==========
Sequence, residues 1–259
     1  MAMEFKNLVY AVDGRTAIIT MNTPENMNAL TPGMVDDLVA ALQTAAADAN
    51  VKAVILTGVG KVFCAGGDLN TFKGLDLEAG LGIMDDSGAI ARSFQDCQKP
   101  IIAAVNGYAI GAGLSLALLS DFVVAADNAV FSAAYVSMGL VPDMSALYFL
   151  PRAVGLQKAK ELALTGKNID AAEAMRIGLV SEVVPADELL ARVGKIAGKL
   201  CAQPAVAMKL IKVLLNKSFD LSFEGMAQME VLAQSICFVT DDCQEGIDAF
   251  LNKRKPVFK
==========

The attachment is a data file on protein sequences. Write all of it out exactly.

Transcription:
Sequence, residues 1–259
     1  MAMEFKNLVY AVDGRTAIIT MNTPENMNAL TPGMVDDLVA ALQTAAADAN
    51  VKAVILTGVG KVFCAGGDLN TFKGLDLEAG LGIMDDSGAI ARSFQDCQKP
   101  IIAAVNGYAI GAGLSLALLS DFVVAADNAV FSAAYVSMGL VPDMSALYFL
   151  PRAVGLQKAK ELALTGKNID AAEAMRIGLV SEVVPADELL ARVGKIAGKL
   201  CAQPAVAMKL IKVLLNKSFD LSFEGMAQME VLAQSICFVT DDCQEGIDAF
   251  LNKRKPVFK